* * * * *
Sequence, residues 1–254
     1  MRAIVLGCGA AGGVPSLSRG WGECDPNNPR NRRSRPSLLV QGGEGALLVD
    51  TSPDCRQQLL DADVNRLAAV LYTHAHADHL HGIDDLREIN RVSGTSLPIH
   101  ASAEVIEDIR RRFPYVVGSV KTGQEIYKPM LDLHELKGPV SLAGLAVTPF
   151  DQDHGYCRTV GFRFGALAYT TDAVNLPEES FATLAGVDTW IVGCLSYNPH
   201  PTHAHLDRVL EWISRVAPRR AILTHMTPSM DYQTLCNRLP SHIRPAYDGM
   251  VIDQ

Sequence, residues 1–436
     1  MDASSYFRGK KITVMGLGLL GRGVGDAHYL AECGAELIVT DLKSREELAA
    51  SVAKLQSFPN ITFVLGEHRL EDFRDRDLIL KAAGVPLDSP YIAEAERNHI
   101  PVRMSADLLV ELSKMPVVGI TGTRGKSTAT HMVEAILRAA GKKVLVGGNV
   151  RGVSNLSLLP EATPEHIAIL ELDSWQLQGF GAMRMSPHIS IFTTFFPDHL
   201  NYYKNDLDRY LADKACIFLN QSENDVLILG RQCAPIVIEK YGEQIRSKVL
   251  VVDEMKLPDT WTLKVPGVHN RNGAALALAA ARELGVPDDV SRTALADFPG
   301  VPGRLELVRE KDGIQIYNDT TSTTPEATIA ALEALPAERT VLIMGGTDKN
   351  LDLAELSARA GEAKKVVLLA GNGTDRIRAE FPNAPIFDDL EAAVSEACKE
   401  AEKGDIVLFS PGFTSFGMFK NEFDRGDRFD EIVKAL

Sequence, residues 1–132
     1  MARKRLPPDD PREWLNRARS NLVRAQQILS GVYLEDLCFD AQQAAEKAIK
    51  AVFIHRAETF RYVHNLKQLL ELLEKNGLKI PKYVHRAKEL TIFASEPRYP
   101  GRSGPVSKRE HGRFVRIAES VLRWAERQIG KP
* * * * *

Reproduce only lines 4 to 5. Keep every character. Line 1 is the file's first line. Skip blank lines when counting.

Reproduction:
   101  ASAEVIEDIR RRFPYVVGSV KTGQEIYKPM LDLHELKGPV SLAGLAVTPF
   151  DQDHGYCRTV GFRFGALAYT TDAVNLPEES FATLAGVDTW IVGCLSYNPH